Traveling by car, motorbike, or even reliving past adventures on the road through photos, seems an ideal antidote to the gloom and restrictions we find ourselves in with the daily and nightly news about the pandemic. While local travel is the favored option this summer, I thought it might be fun to reflect on the magic of what makes these journeys special. And along the way, experience a fresh take on our planet right now, a vivid and delightful testament to just why the world is in essence a wonderful place, how its people are inseparable parts of the experience, and how travel is just wonderous fun.
Who would have thought we’d be making statements such as “road trips are so 2020” just a year ago? And yet here we are, on mass, finding refuge in our own private four-wheel spaces, safe from the threats of the outside world, and not plagued by the worry of air travel and shared confined spaces bottled up in a tin can in the sky. While many have switched holiday plans to domestic road travel by choice, others confined by border restrictions have had the decision made for them. Whatever the case for how we arrived here, heading off in a car, campervan, trailer or motorbike is hardly a consolation prize. It’s an opportunity to see and appreciate things closer to home with a new set of eyes.
There is something very freeing that comes from the trio of you, a vehicle and a destination unknown. Traveling the open road is first and foremost about exploration. The full tank of gas and thirst for adventure that touches the soul and ignites freedom and independence like nothing else can, is at the heart of any road trip. While many trips, those taken by plane in particular, are about the destination. Road trips are just as much about the journey. It’s about where you go, where you didn’t plan to got but went anyway, who you are with, the characters you met, the music that was playing, and the stories that were shared by only those along for the ride.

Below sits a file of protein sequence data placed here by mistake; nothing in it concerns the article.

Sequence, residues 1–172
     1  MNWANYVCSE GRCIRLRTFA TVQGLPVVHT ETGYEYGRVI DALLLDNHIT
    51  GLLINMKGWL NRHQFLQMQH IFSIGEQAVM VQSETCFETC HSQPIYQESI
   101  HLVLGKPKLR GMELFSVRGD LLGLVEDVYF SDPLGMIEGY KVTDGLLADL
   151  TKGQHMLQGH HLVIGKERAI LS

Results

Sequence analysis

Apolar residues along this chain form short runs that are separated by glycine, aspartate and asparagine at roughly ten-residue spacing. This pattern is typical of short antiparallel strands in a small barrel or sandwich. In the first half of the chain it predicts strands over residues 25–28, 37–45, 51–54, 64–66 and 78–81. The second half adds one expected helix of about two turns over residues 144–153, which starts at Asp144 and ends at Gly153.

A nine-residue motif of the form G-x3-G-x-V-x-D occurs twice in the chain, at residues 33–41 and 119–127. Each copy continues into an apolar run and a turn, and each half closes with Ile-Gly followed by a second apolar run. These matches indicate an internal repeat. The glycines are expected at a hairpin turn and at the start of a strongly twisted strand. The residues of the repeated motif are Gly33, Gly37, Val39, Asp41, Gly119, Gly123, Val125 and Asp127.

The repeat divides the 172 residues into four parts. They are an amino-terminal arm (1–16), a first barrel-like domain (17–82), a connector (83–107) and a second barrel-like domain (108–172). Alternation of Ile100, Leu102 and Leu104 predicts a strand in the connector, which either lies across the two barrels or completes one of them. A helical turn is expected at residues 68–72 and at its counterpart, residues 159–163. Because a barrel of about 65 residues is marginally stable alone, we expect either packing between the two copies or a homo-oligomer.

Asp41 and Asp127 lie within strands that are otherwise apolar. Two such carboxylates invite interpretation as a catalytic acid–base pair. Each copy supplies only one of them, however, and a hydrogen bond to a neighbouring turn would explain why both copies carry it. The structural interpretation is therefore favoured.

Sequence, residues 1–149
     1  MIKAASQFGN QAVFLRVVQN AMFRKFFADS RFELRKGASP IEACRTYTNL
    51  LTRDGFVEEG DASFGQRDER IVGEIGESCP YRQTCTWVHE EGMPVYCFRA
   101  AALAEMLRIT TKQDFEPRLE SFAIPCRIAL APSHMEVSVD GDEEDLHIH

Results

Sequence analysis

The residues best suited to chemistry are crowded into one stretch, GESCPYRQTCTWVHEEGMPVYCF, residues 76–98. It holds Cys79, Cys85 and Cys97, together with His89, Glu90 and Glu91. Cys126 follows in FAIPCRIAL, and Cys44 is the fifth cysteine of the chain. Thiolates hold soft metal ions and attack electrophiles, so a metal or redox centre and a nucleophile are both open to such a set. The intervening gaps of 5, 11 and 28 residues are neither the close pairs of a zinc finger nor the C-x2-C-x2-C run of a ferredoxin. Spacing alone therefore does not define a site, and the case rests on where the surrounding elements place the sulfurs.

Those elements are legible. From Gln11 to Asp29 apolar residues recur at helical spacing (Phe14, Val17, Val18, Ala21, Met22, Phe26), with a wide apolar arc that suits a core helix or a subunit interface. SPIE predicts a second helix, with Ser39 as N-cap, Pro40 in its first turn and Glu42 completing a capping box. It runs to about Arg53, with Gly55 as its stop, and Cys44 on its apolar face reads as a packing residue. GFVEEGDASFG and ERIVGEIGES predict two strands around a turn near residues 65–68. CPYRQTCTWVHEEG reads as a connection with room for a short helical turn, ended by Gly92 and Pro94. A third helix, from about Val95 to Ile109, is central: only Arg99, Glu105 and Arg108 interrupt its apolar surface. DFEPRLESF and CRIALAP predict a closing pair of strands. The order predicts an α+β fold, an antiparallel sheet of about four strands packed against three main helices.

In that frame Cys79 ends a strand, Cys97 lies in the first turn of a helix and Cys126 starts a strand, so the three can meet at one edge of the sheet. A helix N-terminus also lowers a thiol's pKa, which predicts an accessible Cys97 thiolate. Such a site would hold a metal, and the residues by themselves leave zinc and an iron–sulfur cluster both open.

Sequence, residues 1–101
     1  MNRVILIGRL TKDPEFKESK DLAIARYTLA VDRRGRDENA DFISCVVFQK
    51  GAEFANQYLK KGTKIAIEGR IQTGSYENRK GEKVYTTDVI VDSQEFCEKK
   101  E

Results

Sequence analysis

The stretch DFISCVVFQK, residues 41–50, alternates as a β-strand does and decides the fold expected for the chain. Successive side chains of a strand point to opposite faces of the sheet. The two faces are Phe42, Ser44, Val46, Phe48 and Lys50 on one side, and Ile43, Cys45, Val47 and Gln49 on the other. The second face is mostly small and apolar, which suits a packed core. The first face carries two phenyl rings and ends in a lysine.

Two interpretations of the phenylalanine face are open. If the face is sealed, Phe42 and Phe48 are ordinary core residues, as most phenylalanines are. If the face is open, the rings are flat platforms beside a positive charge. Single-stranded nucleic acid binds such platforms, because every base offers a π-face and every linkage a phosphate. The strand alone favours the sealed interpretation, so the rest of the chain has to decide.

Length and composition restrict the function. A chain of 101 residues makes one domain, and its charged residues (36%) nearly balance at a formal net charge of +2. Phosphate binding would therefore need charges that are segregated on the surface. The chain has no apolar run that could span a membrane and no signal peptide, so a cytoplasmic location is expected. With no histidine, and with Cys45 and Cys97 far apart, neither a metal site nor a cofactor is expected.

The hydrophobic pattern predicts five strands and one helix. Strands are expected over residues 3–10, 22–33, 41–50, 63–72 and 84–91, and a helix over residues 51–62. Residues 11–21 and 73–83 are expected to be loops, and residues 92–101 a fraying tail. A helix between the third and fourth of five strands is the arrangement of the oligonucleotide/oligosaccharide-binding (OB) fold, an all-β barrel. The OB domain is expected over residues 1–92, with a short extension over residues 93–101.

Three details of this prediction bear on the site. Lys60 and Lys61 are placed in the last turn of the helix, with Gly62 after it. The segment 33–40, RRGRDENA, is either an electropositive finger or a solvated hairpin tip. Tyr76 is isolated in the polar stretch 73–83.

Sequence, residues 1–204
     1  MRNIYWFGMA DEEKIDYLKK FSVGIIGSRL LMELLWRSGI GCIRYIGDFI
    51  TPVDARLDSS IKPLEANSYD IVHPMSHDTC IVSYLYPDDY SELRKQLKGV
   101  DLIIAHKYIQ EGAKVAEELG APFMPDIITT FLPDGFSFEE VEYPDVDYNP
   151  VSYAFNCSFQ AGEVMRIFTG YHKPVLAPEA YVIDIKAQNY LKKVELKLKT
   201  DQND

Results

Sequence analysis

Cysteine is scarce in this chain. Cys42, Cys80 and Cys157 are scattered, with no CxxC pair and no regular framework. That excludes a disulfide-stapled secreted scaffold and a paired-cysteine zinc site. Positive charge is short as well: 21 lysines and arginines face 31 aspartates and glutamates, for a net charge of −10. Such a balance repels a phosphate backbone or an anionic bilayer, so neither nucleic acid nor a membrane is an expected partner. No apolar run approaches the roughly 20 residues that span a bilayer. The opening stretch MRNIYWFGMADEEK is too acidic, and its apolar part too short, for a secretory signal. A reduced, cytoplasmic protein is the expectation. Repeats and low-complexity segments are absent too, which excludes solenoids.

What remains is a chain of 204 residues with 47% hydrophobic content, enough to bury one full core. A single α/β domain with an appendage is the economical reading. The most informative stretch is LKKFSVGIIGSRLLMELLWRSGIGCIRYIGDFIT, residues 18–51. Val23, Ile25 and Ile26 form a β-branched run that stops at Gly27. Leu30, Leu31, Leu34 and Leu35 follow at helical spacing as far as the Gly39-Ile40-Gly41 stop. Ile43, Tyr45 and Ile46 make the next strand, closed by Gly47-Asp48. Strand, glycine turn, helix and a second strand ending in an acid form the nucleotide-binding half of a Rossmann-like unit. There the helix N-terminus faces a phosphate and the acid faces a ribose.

Freedom changes the mood. And since freedom on some level has been denied this year by the pandemic, reclaiming it on the road is a psychological win. Seeing the open road stretch out before you and what lies around the next bend, creates a special atmosphere like few other activities. Having your own vehicle offers independence to go where you want to go, but also have your own healthy space, which has become a whole new benefit this year. Plus, at the wheel, there’s a certain liberty you just don’t get on guided tours, no matter how small or intimate they may be. Independence drives exploration, and holds ever present the possibility of serendipity, which often makes for the best travel memories.